On this day in 1787 – 231 years ago – Leopold Mozart, the father of Wolfgang Mozart, died in Salzburg at the age of 67. For all of his talents as a violinist, violin teacher, conductor and composer, history would have forgotten Johann Georg Leopold Mozart almost entirely had he not fathered and trained one of the greatest members of our species ever to have lived, his son Wolfgang. Leopold Mozart gave his son what was – very possibly – the greatest music education ever given anyone, for which posterity must be grateful. But more than just his son’s teacher, Leopold became his Dr. Frankenstein, his creator: Wolfgang’s ghost-writer, concert producer, travel agent, booking agent, public relations huckster, investment councilor, valet, and, in the end, oppressive tyrant. In the process, Leopold crafted one of the most troubling parent-child relationships since Oedipus and his mother Jocasta. In the long history of excessive parenting, of tiger mamas and tennis fathers, Leopold Mozart must be considered among the very greatest of the type. The History He was born on November 19, 1719 into a family of artisans that had for generations lived in the city of Augsburg, in southern Germany. Young Leopold was… 

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Music History Monday: How Did He Do It?

On this day in 1788 Wolfgang Mozart completed the score of his Symphony No. 39 in E-flat Major, K. 543. It is – with no exaggeration or hyperbole intended – a virtually perfect work: with the greatest of respect to Joseph Haydn, Mozart’s K. 543 is the most exquisitely constructed and expressively sublime Classical era-styled symphony in the repertoire. Having completed his Symphony in E-flat Major 229 years ago today, Mozart went right back to work. Over the course of the next 29 days he wrote out the score of his proto-Romantic Symphony No. 40 in G Minor, K. 550, completing it on July 25. The following day he began work on his epic and monumental Symphony No. 41 in C Major, K. 551 (“Jupiter”), finishing it 16 days later, on August 12. Start to finish, Mozart wrote out the scores of his final three symphonies – arguably the greatest symphonies composed in the eighteenth century – in just six weeks. For our information, there are no cross-outs or revisions. Working with a quill pen and ink, Mozart simply wrote out the scores, a measure at time, beginning to end. How did he do it? How could he do it?…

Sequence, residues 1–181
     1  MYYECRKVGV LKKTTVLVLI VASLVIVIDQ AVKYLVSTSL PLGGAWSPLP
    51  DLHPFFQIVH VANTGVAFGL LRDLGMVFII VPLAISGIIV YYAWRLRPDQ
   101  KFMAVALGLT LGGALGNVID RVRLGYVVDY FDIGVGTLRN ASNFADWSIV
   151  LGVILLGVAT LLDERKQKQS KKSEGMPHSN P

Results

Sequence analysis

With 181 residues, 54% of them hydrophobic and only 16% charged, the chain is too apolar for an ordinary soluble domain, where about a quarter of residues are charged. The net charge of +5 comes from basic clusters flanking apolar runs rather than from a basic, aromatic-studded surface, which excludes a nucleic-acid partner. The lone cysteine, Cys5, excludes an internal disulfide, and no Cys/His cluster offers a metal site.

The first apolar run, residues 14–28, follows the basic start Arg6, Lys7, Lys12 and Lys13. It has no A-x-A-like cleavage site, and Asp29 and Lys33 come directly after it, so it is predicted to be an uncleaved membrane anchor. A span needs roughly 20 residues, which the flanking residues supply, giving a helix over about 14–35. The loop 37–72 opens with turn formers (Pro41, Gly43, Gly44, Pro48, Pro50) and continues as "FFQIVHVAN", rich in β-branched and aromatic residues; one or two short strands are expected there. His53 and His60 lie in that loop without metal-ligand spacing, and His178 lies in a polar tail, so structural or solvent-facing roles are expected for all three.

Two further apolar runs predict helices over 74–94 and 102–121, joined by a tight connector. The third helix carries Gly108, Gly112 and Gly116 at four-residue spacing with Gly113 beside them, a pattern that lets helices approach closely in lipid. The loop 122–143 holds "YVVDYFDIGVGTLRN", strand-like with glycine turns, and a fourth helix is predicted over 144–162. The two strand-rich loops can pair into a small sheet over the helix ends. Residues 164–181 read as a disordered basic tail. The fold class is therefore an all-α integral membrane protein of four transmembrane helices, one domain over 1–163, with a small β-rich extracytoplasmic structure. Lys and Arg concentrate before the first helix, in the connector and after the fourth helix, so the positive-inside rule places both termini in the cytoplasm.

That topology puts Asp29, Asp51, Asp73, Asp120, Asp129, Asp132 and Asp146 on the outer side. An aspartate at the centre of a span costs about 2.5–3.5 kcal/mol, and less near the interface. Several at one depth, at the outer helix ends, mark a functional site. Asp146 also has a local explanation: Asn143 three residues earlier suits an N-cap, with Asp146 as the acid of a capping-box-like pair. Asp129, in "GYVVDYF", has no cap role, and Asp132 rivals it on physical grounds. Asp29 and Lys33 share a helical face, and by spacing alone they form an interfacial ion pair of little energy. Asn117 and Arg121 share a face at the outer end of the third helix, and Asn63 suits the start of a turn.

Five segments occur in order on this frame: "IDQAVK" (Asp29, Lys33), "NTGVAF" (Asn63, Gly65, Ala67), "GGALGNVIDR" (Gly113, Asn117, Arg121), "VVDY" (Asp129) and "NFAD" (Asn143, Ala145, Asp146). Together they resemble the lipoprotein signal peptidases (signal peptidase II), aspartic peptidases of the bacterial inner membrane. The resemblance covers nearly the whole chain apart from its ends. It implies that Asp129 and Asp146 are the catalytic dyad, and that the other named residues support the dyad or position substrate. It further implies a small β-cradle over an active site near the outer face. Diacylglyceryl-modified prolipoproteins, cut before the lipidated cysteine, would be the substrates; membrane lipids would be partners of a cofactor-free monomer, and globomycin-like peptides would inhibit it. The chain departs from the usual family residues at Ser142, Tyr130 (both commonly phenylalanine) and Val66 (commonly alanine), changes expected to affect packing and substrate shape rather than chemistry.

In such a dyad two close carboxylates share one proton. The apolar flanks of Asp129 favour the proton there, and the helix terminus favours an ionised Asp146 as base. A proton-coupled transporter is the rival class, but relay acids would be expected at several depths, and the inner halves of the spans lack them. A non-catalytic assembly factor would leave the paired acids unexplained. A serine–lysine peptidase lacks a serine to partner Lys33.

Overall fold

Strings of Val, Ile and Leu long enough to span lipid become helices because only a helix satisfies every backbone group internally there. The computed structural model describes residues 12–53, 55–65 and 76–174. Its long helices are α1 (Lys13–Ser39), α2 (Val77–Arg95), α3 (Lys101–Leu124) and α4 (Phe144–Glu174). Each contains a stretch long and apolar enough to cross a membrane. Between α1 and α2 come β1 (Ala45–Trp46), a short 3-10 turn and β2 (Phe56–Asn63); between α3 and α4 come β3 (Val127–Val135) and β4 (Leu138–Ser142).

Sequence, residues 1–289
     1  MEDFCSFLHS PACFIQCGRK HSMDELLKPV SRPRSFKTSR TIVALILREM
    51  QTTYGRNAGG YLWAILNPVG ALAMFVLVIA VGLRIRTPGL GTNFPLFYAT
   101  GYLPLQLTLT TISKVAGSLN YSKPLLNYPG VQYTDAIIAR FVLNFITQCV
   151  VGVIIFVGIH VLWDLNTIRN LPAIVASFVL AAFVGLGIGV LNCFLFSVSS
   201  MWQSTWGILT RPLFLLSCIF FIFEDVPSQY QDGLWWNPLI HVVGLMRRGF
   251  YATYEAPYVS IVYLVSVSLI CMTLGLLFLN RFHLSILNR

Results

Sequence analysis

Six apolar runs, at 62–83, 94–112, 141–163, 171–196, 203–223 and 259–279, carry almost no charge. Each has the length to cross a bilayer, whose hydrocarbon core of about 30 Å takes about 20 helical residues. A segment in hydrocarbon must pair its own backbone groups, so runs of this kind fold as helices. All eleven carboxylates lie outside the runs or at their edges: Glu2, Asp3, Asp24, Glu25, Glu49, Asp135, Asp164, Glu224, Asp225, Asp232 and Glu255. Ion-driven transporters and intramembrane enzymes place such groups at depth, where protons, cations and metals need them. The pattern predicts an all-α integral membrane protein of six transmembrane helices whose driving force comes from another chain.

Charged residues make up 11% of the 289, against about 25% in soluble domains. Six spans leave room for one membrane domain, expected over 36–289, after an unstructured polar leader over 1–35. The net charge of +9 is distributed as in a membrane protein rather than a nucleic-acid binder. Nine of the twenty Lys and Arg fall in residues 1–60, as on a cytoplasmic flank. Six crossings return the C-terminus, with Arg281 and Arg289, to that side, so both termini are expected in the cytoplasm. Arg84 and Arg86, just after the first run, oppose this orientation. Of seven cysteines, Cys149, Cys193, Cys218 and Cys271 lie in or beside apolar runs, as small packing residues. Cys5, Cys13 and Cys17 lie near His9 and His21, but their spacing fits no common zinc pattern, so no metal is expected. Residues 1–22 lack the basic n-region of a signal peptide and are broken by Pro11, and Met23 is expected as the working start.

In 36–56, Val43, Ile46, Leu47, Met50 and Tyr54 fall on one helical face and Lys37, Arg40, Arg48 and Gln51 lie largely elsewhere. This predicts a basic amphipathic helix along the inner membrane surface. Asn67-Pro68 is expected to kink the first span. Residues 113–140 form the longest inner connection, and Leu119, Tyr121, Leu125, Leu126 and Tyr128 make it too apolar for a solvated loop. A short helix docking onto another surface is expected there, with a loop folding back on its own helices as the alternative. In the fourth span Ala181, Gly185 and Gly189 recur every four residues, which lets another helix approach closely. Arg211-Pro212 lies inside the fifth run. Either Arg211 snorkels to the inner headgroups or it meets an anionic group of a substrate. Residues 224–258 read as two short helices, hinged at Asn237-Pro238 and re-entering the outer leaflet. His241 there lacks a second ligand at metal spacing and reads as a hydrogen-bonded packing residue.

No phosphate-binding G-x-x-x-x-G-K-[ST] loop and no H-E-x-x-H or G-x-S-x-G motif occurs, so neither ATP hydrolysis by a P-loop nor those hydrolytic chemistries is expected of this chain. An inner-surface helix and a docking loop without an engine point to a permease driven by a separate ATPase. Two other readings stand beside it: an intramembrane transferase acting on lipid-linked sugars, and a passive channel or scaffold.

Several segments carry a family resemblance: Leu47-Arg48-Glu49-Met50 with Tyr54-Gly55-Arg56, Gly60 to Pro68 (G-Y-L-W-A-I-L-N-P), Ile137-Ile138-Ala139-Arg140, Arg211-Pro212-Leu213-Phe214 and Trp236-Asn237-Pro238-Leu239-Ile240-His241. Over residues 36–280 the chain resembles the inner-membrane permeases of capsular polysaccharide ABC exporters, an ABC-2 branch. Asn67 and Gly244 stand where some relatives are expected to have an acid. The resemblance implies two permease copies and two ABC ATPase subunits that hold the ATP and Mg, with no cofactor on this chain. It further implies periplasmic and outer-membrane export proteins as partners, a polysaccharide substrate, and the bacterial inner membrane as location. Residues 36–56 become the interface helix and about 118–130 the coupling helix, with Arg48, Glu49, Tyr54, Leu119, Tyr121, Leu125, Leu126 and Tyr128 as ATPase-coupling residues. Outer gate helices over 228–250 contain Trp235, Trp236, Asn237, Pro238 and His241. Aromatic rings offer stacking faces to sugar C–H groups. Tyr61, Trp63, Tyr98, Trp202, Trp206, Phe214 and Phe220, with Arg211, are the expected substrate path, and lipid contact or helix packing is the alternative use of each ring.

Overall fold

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Music History Monday: The Enduring Miracle

On Monday, May 1, 1786 – 231 years ago today – a miracle occurred in the great city of Vienna: Wolfgang Mozart’s opera The Marriage of Figaro received its premiere at the Burgtheater in Vienna. 100 years later, Johannes Brahms wrote this about The Marriage of Figaro: “Every number in Figaro is for me a marvel; I simply cannot fathom how anyone could create anything so perfect. Such a thing has never been done, not even by Beethoven.” 231 years after the premiere, Brahms’ awe of Figaro mirrors our own. For many of us – myself included – it is, simply, the greatest opera ever composed. On May 7th, 1783 – three years before the premiere – Mozart wrote to his father: “The Italian opera buffa [here in Vienna] is very popular. I have looked through more than a hundred libretti but I have found hardly a single one that satisfies me. That is to say, there are so many changes that would have to be made that any poet, even if he were to undertake to make them, would find it easier to write an entirely new text. Our poet here now is a certain da Ponte. He has… 

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Music History Monday: One Talented Kid